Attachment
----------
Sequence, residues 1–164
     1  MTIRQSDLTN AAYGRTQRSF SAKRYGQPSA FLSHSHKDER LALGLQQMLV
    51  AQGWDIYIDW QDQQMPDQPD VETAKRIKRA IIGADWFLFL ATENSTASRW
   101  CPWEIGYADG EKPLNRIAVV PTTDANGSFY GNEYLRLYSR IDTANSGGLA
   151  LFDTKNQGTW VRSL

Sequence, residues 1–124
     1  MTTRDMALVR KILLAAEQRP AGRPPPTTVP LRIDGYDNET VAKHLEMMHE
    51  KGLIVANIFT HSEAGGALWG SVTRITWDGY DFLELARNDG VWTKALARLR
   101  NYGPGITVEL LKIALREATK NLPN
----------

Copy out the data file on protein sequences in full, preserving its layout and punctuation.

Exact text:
Sequence, residues 1–164
     1  MTIRQSDLTN AAYGRTQRSF SAKRYGQPSA FLSHSHKDER LALGLQQMLV
    51  AQGWDIYIDW QDQQMPDQPD VETAKRIKRA IIGADWFLFL ATENSTASRW
   101  CPWEIGYADG EKPLNRIAVV PTTDANGSFY GNEYLRLYSR IDTANSGGLA
   151  LFDTKNQGTW VRSL

Sequence, residues 1–124
     1  MTTRDMALVR KILLAAEQRP AGRPPPTTVP LRIDGYDNET VAKHLEMMHE
    51  KGLIVANIFT HSEAGGALWG SVTRITWDGY DFLELARNDG VWTKALARLR
   101  NYGPGITVEL LKIALREATK NLPN